As global average temperatures warm due to climate change, scientists have learned that plants are flowering earlier in the year than ever before.

More troubling, scientists explained this week in the journal PLOS ONE that Massachusetts and Wisconsin in particular saw the earliest flowerings in recorded history during 2010 and 2012: a clear sign that climate change is already having a very real effect on nature's annual cycle.

Using the writings of Henry David Thoreau and Aldo Leopold, two of America's most cherished environmental authors, scientists monitored dozens of different species of plant to determine how far off the flowering times would be compared to observations taken from 1852-1858 and from 1935-1945.

What they found is startling, yet simple: "Based on our linear regression analysis of these historical phenology and temperature data, plant species flower on average 3.2 days earlier for each 1°C rise in mean spring temperatures," they wrote.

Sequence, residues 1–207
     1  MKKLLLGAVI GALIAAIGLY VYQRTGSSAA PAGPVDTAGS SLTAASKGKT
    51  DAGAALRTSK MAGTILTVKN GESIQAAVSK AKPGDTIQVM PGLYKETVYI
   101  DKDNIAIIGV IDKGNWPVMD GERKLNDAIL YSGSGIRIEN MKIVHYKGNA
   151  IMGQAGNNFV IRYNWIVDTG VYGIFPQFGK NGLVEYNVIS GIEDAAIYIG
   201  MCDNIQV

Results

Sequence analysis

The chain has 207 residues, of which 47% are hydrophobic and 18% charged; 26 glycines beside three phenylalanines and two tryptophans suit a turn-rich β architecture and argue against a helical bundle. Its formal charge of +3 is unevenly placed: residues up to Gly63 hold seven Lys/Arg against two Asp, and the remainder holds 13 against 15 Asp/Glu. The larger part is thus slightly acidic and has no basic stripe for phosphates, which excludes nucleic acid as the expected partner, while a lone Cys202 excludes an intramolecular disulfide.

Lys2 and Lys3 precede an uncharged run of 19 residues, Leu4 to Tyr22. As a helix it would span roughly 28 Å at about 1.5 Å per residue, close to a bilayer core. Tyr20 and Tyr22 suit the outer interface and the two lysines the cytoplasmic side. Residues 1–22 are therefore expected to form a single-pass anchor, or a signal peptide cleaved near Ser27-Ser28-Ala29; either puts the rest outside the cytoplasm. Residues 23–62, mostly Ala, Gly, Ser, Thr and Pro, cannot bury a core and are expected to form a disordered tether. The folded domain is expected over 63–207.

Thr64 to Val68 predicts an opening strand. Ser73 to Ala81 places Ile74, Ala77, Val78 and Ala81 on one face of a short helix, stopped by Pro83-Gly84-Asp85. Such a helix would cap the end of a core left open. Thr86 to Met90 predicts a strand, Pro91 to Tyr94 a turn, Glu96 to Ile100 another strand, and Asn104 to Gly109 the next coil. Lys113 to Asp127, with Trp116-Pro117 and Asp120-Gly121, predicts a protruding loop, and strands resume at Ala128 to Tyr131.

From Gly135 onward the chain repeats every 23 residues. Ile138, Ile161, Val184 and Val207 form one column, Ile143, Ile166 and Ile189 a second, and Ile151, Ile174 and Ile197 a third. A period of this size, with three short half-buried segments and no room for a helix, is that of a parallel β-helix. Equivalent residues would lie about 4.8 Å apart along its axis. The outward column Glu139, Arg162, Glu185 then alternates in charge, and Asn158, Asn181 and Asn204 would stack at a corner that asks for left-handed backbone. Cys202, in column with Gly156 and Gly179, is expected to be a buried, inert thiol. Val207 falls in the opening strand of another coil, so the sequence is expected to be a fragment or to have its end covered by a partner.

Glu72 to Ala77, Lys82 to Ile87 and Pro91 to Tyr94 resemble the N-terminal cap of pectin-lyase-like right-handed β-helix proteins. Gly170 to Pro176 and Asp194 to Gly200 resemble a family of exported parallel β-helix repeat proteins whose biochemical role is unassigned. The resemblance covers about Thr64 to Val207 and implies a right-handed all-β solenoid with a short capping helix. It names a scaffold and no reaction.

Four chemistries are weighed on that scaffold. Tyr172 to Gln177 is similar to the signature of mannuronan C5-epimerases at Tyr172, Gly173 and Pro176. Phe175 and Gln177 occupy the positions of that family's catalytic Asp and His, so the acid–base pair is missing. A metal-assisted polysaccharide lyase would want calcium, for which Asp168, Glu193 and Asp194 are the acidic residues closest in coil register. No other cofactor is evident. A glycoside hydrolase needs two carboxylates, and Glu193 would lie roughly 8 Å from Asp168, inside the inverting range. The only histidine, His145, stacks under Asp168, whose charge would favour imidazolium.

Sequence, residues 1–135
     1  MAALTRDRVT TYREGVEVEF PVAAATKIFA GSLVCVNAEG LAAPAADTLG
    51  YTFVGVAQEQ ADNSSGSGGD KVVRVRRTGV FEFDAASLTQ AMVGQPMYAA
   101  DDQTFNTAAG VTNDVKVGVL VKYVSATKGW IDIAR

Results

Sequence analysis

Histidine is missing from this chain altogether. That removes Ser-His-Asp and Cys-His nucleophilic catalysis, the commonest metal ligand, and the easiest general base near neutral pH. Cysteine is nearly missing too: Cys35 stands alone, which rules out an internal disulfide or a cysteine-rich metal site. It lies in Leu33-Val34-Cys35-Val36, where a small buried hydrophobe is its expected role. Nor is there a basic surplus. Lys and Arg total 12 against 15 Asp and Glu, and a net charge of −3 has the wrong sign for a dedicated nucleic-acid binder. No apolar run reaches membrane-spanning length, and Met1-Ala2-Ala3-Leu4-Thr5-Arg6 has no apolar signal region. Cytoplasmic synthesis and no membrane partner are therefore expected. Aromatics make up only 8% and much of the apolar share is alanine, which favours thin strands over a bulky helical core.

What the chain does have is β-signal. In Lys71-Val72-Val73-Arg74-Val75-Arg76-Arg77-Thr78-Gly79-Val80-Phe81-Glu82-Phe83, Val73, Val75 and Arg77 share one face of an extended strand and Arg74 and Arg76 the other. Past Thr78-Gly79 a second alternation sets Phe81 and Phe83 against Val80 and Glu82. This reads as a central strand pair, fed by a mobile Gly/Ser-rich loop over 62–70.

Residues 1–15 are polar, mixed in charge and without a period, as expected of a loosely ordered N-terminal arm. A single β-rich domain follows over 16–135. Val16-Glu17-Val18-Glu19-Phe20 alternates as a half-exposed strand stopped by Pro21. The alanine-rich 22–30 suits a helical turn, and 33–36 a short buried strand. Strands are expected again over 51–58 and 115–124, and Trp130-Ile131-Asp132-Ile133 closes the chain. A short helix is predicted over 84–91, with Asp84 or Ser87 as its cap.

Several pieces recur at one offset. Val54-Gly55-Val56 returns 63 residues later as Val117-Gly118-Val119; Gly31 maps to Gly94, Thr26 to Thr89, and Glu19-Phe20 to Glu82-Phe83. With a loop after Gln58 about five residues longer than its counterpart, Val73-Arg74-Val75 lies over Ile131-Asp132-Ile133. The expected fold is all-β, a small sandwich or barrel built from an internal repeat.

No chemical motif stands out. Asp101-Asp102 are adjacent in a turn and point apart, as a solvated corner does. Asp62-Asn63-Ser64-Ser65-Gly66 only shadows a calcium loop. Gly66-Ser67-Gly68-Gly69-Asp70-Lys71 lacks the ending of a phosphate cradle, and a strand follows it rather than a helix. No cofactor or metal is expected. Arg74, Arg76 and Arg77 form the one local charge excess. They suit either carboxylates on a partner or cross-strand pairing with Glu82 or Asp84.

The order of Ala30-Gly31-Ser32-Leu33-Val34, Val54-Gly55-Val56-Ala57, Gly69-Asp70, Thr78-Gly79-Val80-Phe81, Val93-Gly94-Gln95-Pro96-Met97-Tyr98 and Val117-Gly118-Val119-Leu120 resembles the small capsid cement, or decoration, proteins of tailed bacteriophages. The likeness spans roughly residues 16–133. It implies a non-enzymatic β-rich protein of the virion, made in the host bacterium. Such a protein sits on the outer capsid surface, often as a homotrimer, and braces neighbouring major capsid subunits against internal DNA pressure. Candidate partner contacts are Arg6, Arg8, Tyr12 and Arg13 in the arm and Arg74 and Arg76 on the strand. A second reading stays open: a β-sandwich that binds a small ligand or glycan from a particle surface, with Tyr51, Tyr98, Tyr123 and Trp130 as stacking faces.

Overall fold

Researchers added that 27 of the 32 species observed in Massachusetts are flowering much earlier than their historical norms, and the window for blooms has shifted along with the mean spring temperature. In Wisconsin, 23 of 23 species were observed flowering earlier than usual.

To test the theory that climate was driving early flowering, scientists went back and created a prediction model based on pre-2010 and 2012 data, finding that their forecasts were 95 percent accurate according to what actually happened during those years.

Researchers warned that while many species have tried to adapt to the changing climate, "at some point plants may no longer flower earlier in response to warming due to photoperiod constraints or unmet winter chilling requirements." That could leave a lot more vegetation ill-equipped to withstand droughts or other natural disasters driven by climate change.

"These results collectively demonstrate that despite record-breaking warm temperatures in the eastern United States, plants have continued to flower earlier in the face of recent dramatic climate change," researchers wrote. "While other studies have examined long-term observations with comparable rates of phenological advancement [...], to our knowledge ours is the first to demonstrate the predictive power of such data under unprecedented warm temperatures."